You can read the full piece here.

New piece: India’s Opposition Heads for the Hills

I have a new piece, published online by Foreign Affairs, that looks at the state of Indian politics in the aftermath of the dramatic political events in Bihar. Here’s a snippet:

The upheaval is only the latest signal that the BJP is the new center of political gravity in a country long controlled by the storied Nehru-Gandhi dynasty of the Congress Party. The BJP not only occupies prime position for the country’s next general election—scheduled for 2019—but it is also moving at breakneck speed to cement its hold over powerful state governments. Although the BJP government’s gathering strength signals policy stability and political consolidation, it simultaneously raises concerns about the health of India’s democratic checks and balances.

You can read the entire article here.

Shashi Tharoor reviews “Rethinking Public Institutions in India”

Shashi Tharoor, Member of Parliament, former cabinet minister, and well-known author, has written a very thoughtful review of our new volume, Rethinking Public Institutions in India. Tharoor, who has written about the infirmities of the Indian state before, covers a lot of ground in his essay for OPEN Magazine. He ends with these kind words:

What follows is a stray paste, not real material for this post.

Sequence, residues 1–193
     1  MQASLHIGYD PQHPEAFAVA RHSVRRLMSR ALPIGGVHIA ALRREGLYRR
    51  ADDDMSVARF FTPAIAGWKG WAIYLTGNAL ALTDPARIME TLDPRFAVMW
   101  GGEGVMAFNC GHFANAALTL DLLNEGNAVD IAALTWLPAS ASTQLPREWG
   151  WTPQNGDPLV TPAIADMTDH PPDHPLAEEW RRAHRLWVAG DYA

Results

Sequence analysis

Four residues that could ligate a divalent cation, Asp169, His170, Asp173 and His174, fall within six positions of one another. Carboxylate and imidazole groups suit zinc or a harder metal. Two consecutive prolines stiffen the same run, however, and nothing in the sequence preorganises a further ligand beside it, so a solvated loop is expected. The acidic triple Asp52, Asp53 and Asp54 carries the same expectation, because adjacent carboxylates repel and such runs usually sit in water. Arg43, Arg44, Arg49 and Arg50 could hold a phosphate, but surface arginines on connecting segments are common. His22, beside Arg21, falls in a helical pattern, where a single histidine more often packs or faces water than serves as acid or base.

This impressive, dense volume offers an enormous amount of material on where our public institutions stand and how they could do better. It will reward the serious student of public administration as well as the concerned lay reader. One can only hope that it will not be too long before things improve to the point where a new edition is required.

You can read the entire review here.

June 2 event with Vijay Joshi

On Friday, June 2, we are hosting Oxford University economist Vijay Joshi at Carnegie. Vijay will be talking about his recent book, India’s Long Road: The Search for Prosperity. I am nearly done with the book and it is an excellent analysis of what ails India’s economy and the fixes that should be applied. Martin Wolf of the FT is also a big fan. In a recent review, he writes:

While the focus of India’s Long Road is on the economy, its analysis is appropriately comprehensive. It considers the post-independence growth record, the failure to create remunerative employment, the excessive role of publicly owned enterprises, the poor quality of Indian infrastructure and the inadequacy of environmental regulation. The book also analyses the successes and failures of macroeconomic management, the appalling quality of government-provided education and healthcare, the need for a better safety net for the poor, the long-term decay of the state, the prevalence of corruption and the role of India in the world economy. In covering all these issues, Joshi combines enthusiastic engagement with the detachment of a scholar who has passed much of his life abroad. No better guide to India’s contemporary economy exists.

You can register for Friday’s event here. Subir Gokarn, India’s executive director to the IMF, will also be on hand to discuss the book.